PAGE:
Book Talk

Maya Angelou, touching lives

May 28, 2014

MayaOctober 22, 1982: Bill Moyer’s Creativity series on PBS opens with a segment in Stamps, Arkansas, the home of a young Maya Angelou. This television segment is a tribute to this astounding woman as she shares her personal story of growth and healing in the aftermath of tragedy. During the 80s, I screened this for hundreds or maybe thousands of teachers and students to enliven their understanding of how transformation is possible in spite of tremendous obstacles, as a lens into remarkable courage and leadership.

I saw this program so many times I had it memorized and would particularly love listening to and experiencing the cadence of Maya’s voice. During the episode she describes being raped as a child and not speaking for years after, because after she said the name of who raped her, he was killed. A glorious woman in Stamps brought her voice out through the discovery of literature, in particular it was the reading of Charles Dickens: “It was the best of times. It was the worst of times.” Pure rapture to hear her tell this story. At the end of the episode Maya stands before a classroom of children in Stamps, introducing them to poetry in her inimitable style and fashion. And then she tells them they can be whoever they want to be, and do whatever they want to do in the world. And she lists the possibilities. A doctor. A teacher. A president. And the children’s eyes are wide and wider and then there is a shot of the school principal standing there and his eyes are the widest of all.

Maya Angelou truly opened my eyes and my heart. Such a gifted and giving soul. She has left words and spirit that we will carry forever. She is “a phenomenal woman.”

Phenomenal Woman

by Maya Angelou, 1928-2014

Pretty women wonder where my secret lies.
I’m not cute or built to suit a fashion model’s size
But when I start to tell them,
They think I’m telling lies.
I say,
It’s in the reach of my arms,
The span of my hips,
The stride of my step,
The curl of my lips.
I’m a woman
Phenomenal woman,
That’s me.
I walk into a room
Just as cool as you please,
And to a man,
The fellows stand or
Fall down on their knees.
Then they swarm around me,
A hive of honey bees.
I say,
It’s the fire in my eyes,
And the flash of my teeth,
The swing in my waist,
And the joy in my feet.
I’m a woman
Phenomenal woman,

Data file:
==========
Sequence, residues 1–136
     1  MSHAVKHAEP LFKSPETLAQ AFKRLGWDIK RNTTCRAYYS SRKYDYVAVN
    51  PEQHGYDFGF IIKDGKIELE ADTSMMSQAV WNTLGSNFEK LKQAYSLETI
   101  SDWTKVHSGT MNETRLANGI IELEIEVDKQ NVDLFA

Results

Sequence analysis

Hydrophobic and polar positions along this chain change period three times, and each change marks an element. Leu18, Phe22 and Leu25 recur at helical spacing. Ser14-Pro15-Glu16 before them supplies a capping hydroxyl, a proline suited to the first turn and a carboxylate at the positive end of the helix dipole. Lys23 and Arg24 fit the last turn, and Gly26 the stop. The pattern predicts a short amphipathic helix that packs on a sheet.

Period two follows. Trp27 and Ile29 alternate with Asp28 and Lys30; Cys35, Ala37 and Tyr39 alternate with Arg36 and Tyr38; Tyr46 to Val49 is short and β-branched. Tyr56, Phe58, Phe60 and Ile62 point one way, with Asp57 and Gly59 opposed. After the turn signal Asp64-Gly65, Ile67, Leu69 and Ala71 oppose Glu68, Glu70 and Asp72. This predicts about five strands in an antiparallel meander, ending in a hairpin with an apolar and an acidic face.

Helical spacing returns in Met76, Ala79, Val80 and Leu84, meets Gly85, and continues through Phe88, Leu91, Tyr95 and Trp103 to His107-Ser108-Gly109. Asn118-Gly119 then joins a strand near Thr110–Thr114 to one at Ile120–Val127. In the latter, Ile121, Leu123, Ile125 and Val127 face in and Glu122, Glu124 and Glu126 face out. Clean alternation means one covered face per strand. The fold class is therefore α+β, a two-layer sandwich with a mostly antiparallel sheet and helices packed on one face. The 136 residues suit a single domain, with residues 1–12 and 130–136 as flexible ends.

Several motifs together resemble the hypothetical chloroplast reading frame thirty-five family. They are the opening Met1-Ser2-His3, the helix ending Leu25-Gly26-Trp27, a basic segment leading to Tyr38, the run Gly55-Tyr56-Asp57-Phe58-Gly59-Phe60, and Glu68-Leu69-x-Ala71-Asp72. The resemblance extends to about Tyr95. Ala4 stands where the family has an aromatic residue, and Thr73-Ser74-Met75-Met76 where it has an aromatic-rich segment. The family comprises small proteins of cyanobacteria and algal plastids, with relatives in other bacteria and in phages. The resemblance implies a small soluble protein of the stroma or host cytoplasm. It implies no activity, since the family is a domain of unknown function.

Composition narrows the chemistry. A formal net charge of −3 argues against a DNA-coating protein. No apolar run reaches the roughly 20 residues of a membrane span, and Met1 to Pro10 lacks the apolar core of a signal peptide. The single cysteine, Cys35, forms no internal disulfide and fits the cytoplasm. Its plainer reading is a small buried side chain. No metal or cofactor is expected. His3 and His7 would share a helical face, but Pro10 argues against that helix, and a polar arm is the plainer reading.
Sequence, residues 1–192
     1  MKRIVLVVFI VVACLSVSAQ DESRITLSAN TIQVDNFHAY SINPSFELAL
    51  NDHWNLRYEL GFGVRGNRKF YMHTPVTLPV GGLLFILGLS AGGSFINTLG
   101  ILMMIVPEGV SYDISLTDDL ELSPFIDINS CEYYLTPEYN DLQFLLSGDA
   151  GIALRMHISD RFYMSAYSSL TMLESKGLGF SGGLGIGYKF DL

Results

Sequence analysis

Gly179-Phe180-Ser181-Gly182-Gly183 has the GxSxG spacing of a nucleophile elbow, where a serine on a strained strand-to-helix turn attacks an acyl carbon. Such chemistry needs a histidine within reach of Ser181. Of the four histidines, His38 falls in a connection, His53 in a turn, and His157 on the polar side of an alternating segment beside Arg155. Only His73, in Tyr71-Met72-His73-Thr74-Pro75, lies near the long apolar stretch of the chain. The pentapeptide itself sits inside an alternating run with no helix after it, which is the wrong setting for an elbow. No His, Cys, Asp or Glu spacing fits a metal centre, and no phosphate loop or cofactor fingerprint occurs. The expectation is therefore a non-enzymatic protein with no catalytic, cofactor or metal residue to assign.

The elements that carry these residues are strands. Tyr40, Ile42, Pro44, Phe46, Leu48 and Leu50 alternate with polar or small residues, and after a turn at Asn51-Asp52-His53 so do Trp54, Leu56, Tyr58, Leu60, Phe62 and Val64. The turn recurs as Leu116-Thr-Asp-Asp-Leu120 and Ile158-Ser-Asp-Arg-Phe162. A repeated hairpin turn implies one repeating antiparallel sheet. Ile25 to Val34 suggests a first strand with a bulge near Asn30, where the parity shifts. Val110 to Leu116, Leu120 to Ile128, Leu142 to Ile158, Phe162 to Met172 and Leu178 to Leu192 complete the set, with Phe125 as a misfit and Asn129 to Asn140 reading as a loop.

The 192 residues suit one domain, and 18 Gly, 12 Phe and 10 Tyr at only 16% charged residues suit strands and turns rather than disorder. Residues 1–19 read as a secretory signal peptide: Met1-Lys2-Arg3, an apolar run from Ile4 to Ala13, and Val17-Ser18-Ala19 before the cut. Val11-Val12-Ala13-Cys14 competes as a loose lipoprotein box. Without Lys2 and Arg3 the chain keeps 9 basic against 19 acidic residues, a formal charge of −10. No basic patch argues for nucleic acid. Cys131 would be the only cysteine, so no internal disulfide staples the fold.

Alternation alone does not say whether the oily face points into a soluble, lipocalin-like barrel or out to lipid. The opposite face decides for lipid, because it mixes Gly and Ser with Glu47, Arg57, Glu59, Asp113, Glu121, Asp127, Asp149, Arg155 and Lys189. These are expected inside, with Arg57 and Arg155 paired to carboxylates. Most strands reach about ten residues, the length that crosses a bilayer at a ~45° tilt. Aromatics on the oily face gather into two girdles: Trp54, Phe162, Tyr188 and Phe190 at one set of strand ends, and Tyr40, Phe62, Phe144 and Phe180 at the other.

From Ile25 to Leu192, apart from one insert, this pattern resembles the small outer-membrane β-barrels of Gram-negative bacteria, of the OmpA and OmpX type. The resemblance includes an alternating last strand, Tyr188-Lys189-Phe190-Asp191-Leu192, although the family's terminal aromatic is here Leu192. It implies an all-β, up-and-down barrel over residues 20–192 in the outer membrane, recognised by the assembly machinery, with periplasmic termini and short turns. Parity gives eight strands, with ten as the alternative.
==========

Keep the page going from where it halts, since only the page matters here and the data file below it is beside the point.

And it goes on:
That’s me.
Men themselves have wondered
What they see in me.
They try so much
But they can’t touch
My inner mystery.
When I try to show them,
They say they still can’t see.
I say,
It’s in the arch of my back,
The sun of my smile,
The ride of my breasts,
The grace of my style.
I’m a woman
Phenomenal woman,
That’s me.
Now you understand
Just why my head’s not bowed.
I don’t shout or jump about
Or have to talk real loud.
When you see me passing,
It ought to make you proud.
I say,
It’s in the click of my heels,
The bend of my hair,
the palm of my hand,
The need for my care.
’Cause I’m a woman
Phenomenal woman,
That’s me.
Maya Angelou, “Phenomenal Woman” from And Still I Rise. Copyright © 1978 by Maya Angelou.  Used by permission of Random House, Inc.

All the best in service,


Cathryn Berger Kaye, M.A., CBK Associates

Find me on Facebook and Linked In at Cathryn Berger Kaye, and on Twitter @cbkaye.

Learn more about service learning and resources galore—register now for the July 14-16, 2014 Summer Service Learning Institute: Meeting the Needs of 21st Century Learners in upstate NY at an all-inclusive setting led by Cathryn Berger Kaye, international service learning expert and author of The Complete Guide to Service Learning. During these comprehensive three days, explore ideas with colleagues from all over the world. Deepen understanding of best teaching practices applied to service learning and 21st century competencies. Make links to Common Core, IB or whatever your school priorities are during sessions designed with you in mind. Share ideas, grow possibilities and extend your connections with colleagues well beyond the event. Questions? Contact Register here.